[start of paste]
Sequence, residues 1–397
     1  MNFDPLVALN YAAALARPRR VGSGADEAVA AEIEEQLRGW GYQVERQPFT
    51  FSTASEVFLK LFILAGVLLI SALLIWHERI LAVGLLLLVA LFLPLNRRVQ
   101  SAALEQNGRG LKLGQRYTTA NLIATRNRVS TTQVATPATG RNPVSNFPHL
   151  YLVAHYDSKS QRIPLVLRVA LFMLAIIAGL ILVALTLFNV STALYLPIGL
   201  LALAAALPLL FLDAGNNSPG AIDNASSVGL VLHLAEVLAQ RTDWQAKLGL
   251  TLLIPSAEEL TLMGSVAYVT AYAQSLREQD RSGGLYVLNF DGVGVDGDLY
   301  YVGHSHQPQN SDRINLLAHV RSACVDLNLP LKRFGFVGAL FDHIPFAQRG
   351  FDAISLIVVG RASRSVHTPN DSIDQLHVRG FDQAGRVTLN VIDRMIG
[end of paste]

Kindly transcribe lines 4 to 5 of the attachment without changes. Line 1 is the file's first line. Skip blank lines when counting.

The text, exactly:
   101  SAALEQNGRG LKLGQRYTTA NLIATRNRVS TTQVATPATG RNPVSNFPHL
   151  YLVAHYDSKS QRIPLVLRVA LFMLAIIAGL ILVALTLFNV STALYLPIGL